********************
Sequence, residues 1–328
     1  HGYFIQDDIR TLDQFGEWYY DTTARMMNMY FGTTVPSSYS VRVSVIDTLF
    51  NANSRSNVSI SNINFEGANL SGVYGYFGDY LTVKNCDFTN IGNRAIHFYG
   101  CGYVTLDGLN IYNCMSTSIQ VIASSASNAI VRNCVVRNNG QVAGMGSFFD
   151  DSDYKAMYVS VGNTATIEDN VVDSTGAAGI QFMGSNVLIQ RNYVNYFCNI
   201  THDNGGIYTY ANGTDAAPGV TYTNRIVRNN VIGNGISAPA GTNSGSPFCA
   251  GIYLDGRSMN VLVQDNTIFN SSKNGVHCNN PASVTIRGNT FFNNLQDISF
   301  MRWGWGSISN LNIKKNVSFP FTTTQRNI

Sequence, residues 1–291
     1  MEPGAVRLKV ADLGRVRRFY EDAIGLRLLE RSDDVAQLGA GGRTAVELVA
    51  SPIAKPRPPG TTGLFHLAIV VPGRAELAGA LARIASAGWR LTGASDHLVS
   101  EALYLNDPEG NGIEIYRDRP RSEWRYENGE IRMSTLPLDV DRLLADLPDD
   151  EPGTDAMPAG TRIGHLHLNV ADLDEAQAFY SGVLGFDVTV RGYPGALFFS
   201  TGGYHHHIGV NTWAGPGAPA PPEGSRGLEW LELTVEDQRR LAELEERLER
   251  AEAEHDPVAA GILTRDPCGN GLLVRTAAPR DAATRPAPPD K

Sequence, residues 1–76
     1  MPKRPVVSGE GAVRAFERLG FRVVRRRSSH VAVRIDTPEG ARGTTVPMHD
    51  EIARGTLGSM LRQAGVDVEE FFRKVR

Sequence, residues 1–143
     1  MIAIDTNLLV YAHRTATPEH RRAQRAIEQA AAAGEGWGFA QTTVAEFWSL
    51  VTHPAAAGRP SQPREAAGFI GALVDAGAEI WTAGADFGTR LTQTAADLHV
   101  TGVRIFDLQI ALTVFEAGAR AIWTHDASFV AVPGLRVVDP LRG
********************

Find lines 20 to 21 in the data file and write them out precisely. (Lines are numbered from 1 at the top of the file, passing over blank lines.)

     1  MIAIDTNLLV YAHRTATPEH RRAQRAIEQA AAAGEGWGFA QTTVAEFWSL
    51  VTHPAAAGRP SQPREAAGFI GALVDAGAEI WTAGADFGTR LTQTAADLHV